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Phacoemulsification of black and brunescent cataracts with the retrochop technique

Poster Details

First Author: M.Seiyu Yogi BRAZIL

Co Author(s):    G. da Luz Guzzatti   G. Aquino Junior   Aquino Junior               

Abstract Details


Phacoemulsification provides efficacious outcomes in regular cataracts and it is considered the main technique for cataract extraction . Many phacoemulsification techniques have been described for cataract removal. Furthermore, the management of rock-hard cataracts can be complex, even with popular techniques, as phaco-chop and stop-and-chop, and may cause corneal endothelium injury, posterior capsule rupture or damage to the uveal tissue. Besides, its leathery posterior plate makes difficult to divide the nucleus completely. This study present the retrochop technique, developed for black and brunescent cataracts, and we describe a chopper, the retrochopper, created to be used in this hard lens nucleus.


Department of Ophtalmology. Federal University of São Paulo, and CEMA Hospital, São Paulo, Brazil.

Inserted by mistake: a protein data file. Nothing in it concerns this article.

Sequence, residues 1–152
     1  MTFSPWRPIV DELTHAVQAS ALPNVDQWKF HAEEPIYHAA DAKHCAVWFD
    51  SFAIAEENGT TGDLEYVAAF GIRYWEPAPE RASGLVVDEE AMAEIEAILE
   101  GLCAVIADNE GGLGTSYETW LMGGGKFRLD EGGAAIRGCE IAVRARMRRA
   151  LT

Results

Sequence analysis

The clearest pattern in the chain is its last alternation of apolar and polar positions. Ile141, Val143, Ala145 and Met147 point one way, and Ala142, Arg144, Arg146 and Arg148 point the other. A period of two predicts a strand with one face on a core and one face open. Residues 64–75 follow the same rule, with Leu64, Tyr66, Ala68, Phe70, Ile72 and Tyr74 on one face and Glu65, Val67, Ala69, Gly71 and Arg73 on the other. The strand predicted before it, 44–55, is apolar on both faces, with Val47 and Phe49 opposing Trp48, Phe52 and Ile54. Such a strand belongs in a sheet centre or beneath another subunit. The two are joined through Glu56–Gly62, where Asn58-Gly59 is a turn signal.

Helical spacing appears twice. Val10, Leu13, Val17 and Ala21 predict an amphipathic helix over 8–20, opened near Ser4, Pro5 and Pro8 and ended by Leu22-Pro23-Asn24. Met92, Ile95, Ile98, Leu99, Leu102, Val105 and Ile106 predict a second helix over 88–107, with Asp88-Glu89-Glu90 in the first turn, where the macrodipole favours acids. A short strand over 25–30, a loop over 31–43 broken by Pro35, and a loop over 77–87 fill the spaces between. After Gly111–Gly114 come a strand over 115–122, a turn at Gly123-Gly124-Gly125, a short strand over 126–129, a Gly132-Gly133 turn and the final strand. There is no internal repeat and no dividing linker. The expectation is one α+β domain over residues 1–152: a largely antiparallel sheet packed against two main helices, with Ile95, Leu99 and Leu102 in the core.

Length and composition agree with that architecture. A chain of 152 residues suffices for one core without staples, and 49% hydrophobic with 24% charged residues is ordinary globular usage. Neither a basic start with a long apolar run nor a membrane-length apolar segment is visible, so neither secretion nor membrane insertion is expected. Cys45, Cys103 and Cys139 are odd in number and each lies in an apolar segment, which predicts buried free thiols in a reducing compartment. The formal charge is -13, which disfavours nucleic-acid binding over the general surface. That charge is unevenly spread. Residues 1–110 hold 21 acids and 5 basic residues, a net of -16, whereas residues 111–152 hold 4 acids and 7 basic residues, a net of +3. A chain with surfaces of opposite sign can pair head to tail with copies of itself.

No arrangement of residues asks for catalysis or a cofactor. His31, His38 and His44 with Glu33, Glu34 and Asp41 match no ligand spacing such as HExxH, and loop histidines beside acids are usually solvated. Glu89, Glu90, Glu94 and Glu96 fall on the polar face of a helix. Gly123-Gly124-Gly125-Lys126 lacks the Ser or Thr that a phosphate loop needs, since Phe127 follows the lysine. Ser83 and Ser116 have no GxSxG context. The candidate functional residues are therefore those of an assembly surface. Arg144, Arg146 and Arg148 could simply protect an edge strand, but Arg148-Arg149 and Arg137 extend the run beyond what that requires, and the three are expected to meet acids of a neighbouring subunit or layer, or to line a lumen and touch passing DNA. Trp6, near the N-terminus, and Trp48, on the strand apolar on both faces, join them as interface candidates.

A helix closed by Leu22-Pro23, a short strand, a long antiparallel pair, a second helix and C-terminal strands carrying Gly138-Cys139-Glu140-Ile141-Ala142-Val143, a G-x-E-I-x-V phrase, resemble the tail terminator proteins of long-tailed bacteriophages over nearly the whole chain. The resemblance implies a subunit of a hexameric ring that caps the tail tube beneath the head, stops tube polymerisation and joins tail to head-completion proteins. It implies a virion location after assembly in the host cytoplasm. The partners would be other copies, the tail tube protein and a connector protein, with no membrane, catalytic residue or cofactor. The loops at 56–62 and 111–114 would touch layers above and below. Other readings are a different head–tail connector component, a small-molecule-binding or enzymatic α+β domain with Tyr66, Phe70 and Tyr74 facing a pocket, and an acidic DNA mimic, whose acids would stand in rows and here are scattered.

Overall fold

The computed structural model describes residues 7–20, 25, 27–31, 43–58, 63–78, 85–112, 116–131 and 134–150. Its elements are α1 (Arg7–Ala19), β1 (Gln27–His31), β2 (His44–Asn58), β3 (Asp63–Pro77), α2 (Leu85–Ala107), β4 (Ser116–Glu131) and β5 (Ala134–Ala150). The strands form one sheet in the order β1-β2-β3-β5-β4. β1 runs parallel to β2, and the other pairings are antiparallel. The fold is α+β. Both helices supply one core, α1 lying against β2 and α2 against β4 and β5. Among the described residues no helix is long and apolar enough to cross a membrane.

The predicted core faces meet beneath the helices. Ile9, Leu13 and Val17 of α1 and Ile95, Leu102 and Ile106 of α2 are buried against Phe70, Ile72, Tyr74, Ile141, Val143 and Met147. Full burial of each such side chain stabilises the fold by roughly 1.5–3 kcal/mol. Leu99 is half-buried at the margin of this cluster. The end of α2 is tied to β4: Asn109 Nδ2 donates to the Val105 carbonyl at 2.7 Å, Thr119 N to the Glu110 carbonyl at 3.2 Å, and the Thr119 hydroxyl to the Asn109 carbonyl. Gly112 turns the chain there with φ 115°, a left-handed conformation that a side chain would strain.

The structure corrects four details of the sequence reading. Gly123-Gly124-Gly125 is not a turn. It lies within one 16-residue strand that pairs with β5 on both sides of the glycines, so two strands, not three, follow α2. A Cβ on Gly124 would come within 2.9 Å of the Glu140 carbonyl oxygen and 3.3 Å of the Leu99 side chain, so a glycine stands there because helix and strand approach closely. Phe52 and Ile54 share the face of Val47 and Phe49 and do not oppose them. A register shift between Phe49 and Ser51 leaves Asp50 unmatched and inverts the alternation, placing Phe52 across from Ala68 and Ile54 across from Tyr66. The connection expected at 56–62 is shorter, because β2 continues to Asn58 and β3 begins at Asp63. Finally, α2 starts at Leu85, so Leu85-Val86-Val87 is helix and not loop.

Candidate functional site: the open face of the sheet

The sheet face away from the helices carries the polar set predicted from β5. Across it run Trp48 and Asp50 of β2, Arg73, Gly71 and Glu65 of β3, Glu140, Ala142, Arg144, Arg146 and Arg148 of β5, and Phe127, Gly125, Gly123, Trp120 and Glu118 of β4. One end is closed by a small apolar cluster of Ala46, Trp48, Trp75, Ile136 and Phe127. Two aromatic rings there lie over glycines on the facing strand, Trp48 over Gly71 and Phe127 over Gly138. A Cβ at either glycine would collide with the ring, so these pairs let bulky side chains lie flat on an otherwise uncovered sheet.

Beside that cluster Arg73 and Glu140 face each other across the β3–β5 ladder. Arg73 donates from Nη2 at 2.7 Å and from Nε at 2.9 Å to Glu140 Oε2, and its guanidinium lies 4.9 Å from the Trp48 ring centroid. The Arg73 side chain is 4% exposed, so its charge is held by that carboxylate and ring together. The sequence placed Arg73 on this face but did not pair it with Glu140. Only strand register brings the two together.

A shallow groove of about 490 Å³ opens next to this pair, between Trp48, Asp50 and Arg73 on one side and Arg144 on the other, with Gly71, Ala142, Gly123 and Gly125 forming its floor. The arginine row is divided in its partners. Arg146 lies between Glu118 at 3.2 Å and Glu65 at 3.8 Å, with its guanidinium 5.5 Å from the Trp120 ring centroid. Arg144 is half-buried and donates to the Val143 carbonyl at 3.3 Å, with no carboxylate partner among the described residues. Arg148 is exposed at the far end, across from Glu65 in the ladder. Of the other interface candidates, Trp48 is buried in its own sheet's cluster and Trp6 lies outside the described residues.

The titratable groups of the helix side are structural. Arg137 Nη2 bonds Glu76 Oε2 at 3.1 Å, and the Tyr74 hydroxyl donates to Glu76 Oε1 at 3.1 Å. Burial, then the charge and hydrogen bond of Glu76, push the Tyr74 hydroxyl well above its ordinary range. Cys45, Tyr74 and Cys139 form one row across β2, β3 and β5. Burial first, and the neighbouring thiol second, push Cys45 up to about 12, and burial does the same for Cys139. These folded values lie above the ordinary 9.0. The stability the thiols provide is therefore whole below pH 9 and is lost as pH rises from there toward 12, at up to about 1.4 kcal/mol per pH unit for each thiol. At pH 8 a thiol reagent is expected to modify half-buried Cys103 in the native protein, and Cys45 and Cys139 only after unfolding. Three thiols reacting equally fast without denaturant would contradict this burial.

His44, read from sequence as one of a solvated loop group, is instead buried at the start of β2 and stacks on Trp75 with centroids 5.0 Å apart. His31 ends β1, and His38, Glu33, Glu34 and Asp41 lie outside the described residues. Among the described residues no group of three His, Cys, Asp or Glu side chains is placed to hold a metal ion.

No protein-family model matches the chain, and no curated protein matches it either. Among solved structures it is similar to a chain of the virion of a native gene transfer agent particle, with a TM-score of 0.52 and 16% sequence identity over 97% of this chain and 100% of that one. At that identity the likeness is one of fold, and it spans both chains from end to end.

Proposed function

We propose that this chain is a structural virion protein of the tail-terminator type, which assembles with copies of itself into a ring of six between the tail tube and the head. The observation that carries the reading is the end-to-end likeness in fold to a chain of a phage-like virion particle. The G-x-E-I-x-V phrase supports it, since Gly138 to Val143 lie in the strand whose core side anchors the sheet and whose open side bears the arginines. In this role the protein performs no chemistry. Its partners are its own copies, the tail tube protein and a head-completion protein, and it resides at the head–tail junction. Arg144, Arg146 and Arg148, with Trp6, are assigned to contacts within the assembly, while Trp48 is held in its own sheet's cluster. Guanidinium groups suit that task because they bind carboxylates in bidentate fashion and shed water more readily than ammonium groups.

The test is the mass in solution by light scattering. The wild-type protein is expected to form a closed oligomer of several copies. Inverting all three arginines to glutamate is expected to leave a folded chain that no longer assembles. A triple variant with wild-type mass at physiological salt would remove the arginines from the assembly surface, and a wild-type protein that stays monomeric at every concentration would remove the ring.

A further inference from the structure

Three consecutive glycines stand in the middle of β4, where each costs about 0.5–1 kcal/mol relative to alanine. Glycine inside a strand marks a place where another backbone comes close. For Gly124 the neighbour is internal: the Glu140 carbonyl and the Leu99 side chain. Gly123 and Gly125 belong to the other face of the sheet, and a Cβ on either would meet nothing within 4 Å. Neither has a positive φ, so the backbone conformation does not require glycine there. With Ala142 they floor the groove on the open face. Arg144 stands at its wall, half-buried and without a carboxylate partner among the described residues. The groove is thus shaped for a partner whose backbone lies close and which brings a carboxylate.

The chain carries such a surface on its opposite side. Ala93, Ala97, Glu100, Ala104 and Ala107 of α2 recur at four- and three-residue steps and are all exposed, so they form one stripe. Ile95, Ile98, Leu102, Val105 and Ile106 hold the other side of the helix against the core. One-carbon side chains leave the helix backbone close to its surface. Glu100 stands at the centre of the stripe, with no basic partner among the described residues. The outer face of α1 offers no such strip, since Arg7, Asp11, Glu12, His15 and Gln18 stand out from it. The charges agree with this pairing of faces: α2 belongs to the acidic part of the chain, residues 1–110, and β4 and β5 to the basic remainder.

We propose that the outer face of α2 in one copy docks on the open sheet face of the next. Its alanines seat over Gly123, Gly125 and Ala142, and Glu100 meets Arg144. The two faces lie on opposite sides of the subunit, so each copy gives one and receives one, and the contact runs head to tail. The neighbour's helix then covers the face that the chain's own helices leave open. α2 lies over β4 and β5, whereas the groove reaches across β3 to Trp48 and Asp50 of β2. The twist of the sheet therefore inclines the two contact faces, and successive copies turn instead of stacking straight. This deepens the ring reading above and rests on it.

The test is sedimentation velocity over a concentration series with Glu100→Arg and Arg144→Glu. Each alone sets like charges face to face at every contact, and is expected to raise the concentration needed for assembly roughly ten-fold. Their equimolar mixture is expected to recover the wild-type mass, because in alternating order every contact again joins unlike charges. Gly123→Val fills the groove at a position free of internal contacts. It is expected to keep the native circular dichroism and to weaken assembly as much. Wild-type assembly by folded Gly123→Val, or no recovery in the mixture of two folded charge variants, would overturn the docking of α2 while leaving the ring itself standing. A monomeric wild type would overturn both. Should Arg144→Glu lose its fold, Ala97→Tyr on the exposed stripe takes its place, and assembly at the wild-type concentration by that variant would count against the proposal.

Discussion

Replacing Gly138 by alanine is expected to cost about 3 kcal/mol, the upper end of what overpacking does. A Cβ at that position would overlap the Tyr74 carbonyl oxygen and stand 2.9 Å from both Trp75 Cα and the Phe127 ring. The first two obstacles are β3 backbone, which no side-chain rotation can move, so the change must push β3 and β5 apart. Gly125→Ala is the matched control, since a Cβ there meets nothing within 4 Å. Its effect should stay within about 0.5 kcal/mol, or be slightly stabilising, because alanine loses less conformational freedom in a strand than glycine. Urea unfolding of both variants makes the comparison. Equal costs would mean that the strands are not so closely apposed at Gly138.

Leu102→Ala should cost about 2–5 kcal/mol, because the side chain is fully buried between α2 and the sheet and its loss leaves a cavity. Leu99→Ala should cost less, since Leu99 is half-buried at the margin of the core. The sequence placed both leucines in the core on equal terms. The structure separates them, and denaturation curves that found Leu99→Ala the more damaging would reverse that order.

A 7,0mm x 5,5mm oval capsulorhexis is created, with the larger axis close to the paracentesis. The phaco tip, in the bevel-down position, and the retrochopper are inserted in the anterior chamber. The phaco tip is embedded in the central nucleus and the lens is tilted to expose part of the posterior face, creating room for the retrochopper. This new chopper allows the upper cutting edge to be moved in the direction of the phaco tip, creating a complete fracture that starts at the posterior portion of the nucleus. The same action is repeated, disassembling the nucleus into smaller fragments.


In the retrochop technique, the oval capsulorhexis, facilitates the acces of the retrochopper in the posterior part of the nucleus and helps to positioning the posterior chamber intraocular lens. The fracture of the nucleus starts at the posterior portion, with the aid of the retrochopper that divides the nucleus in a safe way, because it is placed far from the posterior capsule and moves away from it. Besides, bevel-down position of the phaco tip burries the nucleus and lift it without downward pressure. This technique decreases the amount of energy, the heat and the particle movement in the anterior chamber.


Phacoemulsification can be a challenge in brunescent and black cataracts. The difficult to divide the nucleus can lead to unwanted outcomes, such as endothelial cells damage and posterior capsule disruption. In the retrochop technique, hard nucleus cataracts, can be safe and successful managed. It demands a particular instrument, however has a short learning curve and can be adopted by apprentice or expert surgeons.

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